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Inspector sides with father in Magdalen use of land for scrambling row

By David Hannant, Local Democracy Reporter

A father has won a battle with his local council to allow his son to ride motorcycles on his land.

West Norfolk Council took enforcement action against Marcus Mallett, of Magdalen, around the use of motorcycles on land off Stow Road

The borough argued that this was a breach of regulations as it was considered a change of use of the land requiring planning permission.

An enforcement notice was issued calling for an end to any motorcycle riding on the land and demolition of ‘jumps’ which had been installed, which Mr Mallett maintained were simply “just earth and dirt”.

Stow Road in Magdalen. Picture: GOOGLE EARTH
Stow Road in Magdalen. Picture: GOOGLE EARTH

However, the council’s enforcement has now been overturned by the Planning Inspectorate, after Mr Mallett appealed against it.

The decision puts an end to a dispute which began in September 2017, after the borough council began investigating complaints about the use of the land off Stow Road.

The view of the council was that Mr Mallett’s son was using the land to train for competitive motorcycling and thus required planning permission.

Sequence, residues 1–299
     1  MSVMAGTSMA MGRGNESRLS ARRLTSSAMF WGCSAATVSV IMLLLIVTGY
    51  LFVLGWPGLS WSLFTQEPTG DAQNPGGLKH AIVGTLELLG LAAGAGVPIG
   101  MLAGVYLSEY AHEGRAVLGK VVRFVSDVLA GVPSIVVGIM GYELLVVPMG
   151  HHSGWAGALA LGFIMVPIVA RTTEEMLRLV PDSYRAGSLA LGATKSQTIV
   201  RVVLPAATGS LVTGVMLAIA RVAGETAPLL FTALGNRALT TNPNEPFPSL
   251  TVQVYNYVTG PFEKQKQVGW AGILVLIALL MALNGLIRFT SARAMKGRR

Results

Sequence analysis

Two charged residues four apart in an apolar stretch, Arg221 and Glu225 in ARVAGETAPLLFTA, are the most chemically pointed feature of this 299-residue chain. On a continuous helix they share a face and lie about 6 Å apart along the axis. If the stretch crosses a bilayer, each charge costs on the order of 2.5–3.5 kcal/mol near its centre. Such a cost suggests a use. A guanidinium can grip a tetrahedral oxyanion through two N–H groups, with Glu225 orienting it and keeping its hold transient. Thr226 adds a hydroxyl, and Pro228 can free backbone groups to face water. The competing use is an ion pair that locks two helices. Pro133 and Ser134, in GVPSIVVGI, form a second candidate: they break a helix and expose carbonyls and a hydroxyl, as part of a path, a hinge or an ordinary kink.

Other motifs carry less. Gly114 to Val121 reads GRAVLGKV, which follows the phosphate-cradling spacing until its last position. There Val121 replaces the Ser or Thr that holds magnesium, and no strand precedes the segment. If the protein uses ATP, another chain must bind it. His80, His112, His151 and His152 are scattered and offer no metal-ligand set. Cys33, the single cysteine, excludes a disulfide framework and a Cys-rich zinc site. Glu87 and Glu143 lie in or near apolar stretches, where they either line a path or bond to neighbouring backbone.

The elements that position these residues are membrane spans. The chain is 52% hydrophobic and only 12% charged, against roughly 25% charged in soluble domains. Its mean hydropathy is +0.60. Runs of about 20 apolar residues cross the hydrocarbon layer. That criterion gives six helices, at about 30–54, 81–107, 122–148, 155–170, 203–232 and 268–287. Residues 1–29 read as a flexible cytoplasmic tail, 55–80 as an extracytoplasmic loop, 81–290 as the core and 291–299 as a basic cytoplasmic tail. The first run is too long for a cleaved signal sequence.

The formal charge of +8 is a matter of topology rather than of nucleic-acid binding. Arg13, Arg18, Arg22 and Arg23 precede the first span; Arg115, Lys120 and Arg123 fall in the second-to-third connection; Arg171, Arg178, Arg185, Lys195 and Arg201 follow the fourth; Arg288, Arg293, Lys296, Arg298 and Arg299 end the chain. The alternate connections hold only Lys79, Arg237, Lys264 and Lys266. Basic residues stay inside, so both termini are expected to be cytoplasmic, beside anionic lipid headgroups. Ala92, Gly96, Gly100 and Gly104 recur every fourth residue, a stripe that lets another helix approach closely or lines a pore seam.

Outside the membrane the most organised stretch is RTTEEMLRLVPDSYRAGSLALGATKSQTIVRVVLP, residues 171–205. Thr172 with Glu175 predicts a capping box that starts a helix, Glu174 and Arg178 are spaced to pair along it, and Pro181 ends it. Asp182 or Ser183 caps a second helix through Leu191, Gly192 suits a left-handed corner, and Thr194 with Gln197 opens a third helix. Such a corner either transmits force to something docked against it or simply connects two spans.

However, on visiting the site, planning inspector Debbie Moore said she could find “very little evidence of regular use by motorcycles”.

She said: “I saw no tyre tracks or any evidence of earth erosion which is likely to be the result of motorbikes following a set route around the field.

“I saw that earth had been piled into mounds, which were restricted to one part of the land, but these were randomly located. They were not laid out around a discernible track, nor were there any obvious jumps.

“It is clear from the evidence that the appellant’s son competes to a relatively high standard and uses the land for motorcycling on an occasional basis.

“However, I disagree that use of the land amounts to motorcycle racing including practising and training.”

In his submission to the appeal, Mr Mallett wrote: “No racing takes place, nor does practice or training for any such events.

“Any riding of motorcycles undertaken on the land is purely for recreational or leisure purposes.”

West Norfolk Council and Mr Mallett did not wish to comment further on the dispute.

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